“If the U.S. manages to implement a carbon price, the CBAM momentum will be even more powerful. The U.S. is such a big consumer in the world economy, it will really turbocharge this momentum,” said Wolfram. “If the U.S. doesn’t have a carbon price, the momentum is still going to be there, the U.S. just isn’t going to be participating in it. There will be decisions made and technical details that U.S. companies won’t be able to participate in. I see that as a real drawback.”

A significant portion of the discussion drew from an NBER working paper authored by Wolfram, Stock, alongside John Bistline, Kimberly A. Clausing, and Neil Mehrotra. The paper outlined several tax-based climate policy scenarios that could happen in the U.S. in 2025 and evaluated each scenario’s impact on the domestic economy, emissions reductions, and climate policy adoption abroad. The authors found that scenarios that extend current policies and include a carbon fee would lower emissions the most—up to about 66% by 2035—and would achieve the 2030 emissions reduction goal.

“The economic logic behind product pricing is so potent and so persuasive, I think that the U.S. will come to this realization,” Wolfram said.

Senator Whitehouse agreed but also pointed to obstacles that hinder carbon pricing legislation. Several bills proposing a federal carbon tax have been floated and failed in recent years, but, Whitehouse said, a new wave of them holds some promise.

In December of 2023, Whitehouse and Suzan K. DelBene, the Democrat representing Washington State’s first district, reintroduced the Clean Competition Act, which proposes a border adjustment on imported goods from carbon-intensive industries, including petroleum and fossil fuels, fertilizers, metals, paper, and petrochemicals, with exemptions for lower-income countries. Most revenue would fund grants to help affected industries invest in decarbonization technologies.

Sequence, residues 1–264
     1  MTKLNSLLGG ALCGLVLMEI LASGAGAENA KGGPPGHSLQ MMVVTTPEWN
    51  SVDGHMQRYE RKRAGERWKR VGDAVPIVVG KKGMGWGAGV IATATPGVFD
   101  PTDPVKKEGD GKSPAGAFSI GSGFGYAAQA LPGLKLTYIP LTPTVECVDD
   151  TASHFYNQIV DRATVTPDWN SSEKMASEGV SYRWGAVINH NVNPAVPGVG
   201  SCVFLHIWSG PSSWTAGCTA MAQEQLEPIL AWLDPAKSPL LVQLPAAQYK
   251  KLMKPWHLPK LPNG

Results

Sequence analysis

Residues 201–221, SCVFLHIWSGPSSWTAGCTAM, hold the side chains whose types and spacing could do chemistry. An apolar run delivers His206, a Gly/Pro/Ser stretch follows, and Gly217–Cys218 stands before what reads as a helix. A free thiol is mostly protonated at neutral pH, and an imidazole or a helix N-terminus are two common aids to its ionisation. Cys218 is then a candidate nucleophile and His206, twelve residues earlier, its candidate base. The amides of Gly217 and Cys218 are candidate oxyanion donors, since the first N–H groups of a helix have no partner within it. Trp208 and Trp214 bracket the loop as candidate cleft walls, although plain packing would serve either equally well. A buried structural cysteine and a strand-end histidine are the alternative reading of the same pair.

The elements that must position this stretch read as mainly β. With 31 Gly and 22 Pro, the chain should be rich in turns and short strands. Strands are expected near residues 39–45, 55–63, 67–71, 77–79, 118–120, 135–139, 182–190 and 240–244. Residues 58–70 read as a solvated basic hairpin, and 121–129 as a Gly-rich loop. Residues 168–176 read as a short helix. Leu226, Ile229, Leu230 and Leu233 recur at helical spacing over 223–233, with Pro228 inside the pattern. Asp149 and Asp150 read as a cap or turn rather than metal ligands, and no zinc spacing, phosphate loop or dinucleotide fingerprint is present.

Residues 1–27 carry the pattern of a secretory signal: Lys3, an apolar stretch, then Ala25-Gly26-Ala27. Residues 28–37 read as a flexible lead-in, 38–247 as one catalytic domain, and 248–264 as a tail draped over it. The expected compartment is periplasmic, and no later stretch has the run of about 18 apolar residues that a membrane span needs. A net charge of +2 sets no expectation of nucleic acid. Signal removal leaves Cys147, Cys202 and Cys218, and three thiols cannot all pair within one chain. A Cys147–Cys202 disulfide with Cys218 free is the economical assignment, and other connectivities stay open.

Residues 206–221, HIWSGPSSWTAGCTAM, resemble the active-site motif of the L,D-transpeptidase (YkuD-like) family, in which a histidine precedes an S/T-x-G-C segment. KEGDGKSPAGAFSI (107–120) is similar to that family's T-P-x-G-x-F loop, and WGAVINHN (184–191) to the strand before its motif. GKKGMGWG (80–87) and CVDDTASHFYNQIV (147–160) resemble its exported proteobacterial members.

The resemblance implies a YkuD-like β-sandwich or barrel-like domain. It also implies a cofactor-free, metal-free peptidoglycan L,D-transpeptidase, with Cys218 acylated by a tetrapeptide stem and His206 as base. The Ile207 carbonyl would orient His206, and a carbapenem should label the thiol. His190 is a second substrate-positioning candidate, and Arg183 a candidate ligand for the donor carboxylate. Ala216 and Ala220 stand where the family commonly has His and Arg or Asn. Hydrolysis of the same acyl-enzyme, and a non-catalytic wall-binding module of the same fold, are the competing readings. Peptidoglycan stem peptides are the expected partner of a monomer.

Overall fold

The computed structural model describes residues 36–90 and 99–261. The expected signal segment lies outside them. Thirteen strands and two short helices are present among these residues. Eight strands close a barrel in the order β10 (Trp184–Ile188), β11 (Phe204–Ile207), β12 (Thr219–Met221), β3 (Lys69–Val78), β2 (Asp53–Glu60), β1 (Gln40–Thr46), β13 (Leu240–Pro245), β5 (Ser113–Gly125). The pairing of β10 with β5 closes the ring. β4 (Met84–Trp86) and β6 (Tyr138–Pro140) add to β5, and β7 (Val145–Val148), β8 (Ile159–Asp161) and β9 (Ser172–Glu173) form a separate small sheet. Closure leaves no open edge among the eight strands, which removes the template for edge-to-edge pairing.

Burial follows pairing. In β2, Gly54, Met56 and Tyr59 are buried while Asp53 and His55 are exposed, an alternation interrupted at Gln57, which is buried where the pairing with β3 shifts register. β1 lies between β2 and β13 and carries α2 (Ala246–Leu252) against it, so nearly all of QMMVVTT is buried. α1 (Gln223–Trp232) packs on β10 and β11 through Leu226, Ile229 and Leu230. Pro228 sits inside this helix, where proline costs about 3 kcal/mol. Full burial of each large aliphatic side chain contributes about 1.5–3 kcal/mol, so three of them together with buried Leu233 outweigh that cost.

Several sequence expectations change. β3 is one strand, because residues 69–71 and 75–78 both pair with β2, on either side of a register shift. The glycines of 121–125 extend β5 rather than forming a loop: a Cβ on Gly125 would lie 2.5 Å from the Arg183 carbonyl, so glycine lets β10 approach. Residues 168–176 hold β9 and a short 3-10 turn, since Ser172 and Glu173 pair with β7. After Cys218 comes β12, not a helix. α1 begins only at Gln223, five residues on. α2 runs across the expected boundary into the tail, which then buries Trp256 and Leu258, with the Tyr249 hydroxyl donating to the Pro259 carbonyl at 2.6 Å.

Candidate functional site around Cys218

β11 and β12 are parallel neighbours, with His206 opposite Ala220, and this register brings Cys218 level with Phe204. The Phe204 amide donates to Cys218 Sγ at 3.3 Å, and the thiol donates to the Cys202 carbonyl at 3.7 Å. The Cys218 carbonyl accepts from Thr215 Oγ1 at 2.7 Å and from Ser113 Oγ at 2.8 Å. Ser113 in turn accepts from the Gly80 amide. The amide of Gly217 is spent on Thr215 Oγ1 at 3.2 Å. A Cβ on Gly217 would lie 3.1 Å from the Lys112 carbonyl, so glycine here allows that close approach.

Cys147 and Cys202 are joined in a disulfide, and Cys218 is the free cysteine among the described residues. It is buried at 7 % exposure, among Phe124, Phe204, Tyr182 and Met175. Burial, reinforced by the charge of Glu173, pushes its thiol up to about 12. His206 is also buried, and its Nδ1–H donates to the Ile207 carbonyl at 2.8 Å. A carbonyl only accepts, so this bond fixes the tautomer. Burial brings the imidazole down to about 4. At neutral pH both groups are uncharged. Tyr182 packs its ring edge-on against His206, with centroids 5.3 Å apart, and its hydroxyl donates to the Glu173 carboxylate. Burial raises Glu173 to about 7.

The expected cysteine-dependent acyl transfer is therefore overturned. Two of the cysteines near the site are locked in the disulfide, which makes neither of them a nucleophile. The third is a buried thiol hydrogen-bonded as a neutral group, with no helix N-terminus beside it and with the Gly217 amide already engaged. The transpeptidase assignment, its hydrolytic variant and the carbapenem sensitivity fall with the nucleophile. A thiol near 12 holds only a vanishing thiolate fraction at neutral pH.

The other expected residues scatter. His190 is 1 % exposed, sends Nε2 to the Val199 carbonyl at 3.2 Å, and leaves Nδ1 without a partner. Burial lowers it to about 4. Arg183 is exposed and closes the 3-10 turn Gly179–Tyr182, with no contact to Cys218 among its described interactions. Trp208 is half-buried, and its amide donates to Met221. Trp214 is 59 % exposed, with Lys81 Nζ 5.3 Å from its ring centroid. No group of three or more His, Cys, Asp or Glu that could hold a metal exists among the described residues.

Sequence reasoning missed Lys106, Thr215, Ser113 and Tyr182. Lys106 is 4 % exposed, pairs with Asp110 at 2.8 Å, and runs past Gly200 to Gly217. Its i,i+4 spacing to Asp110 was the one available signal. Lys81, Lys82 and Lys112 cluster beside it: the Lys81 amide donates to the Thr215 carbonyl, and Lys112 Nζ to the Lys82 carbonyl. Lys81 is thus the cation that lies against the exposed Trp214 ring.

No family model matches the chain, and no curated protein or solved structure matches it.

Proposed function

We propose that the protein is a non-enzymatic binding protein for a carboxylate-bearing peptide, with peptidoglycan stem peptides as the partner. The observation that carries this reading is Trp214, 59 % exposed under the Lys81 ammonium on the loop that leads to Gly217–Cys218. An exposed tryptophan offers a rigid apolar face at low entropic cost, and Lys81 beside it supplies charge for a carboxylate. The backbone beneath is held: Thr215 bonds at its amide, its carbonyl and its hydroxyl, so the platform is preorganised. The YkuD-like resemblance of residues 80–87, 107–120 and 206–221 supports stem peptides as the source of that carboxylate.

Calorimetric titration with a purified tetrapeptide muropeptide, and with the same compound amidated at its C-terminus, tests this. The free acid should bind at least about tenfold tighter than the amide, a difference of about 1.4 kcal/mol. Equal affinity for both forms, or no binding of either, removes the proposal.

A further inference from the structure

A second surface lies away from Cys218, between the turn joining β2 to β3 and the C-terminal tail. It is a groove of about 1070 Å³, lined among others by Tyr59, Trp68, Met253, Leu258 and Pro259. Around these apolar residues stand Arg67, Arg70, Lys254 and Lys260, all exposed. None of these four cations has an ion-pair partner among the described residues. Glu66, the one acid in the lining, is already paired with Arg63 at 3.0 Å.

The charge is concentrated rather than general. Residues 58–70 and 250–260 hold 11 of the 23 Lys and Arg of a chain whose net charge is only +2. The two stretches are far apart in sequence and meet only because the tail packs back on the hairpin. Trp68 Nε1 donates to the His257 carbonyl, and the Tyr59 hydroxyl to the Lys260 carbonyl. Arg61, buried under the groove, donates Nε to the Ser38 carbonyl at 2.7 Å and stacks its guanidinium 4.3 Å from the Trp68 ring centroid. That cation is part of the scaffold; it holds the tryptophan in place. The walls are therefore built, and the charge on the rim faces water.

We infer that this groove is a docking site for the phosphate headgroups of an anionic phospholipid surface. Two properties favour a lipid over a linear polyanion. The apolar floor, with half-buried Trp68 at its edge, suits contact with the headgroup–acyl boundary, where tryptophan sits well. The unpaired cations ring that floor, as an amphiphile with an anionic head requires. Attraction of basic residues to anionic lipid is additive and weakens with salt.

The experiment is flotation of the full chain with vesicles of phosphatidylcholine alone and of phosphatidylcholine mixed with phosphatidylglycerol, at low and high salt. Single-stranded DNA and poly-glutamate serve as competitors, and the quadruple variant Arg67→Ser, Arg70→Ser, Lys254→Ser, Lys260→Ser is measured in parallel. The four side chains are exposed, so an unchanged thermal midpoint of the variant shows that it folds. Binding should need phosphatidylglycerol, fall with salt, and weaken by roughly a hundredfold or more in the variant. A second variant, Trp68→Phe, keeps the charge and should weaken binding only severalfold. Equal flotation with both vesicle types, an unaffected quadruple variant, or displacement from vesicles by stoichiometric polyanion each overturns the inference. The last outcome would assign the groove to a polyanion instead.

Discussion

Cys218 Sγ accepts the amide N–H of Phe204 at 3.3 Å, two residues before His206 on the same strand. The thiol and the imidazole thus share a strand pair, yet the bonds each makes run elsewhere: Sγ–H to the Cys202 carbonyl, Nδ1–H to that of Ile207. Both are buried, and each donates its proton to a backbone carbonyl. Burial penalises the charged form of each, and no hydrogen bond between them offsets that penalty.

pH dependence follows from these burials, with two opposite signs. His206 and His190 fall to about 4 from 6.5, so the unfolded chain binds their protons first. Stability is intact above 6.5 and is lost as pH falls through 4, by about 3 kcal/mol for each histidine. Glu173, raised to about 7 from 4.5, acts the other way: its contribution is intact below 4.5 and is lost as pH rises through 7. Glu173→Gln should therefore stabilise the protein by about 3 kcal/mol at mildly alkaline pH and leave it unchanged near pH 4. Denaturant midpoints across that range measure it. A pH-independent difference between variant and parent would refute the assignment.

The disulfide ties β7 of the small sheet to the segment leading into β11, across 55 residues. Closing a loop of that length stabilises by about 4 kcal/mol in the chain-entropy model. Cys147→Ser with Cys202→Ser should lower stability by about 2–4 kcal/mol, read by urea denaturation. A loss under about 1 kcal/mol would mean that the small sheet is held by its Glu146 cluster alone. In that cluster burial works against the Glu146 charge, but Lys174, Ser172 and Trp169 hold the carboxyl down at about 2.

Separate legislation sponsored by Republican Senators Bill Cassidy (Louisiana) and Lindsey Graham (South Carolina) also proposes a border adjustment, though specifics of the bill differ. A bipartisan Senate proposal from Democrat Chris Coons (Delaware) and Republican Kevin Cramer (North Dakota) would require the U.S. Department of Energy to conduct a study comparing emissions from certain goods produced domestically to those produced abroad. Whitehouse commended his Republican colleagues for their work.

“I give [Cassidy and Graham] a lot of credit for what they’ve done,” he said. “Obviously, there’s a lot of fossil fuel blowback against them, but they’ve stuck to their guns so good on them.”

Whitehouse added that while bipartisan negotiations on carbon pricing are positive developments and the American public is widely supportive of placing the cost of pollution on polluters themselves, “we have to fight through enormous fossil fuel intervention,” including billions in dark money, in order to enact effective climate reform and enforce it.

The panelists pointed out that there is precedent for a pollution tax in the U.S. Legislation passed in 2022 and originally proposed by Whitehouse places a fee on methane emissions for companies that emit more than 25,000 metric tons of carbon pollution annually. Whether the U.S. will adopt meaningful carbon pricing legislation depends on whether politicians can understand that “there are now no remaining known scenarios for a pathway to climate safety that don’t include carbon pricing,” Whitehouse said. “…There can be no more quarrel on that.”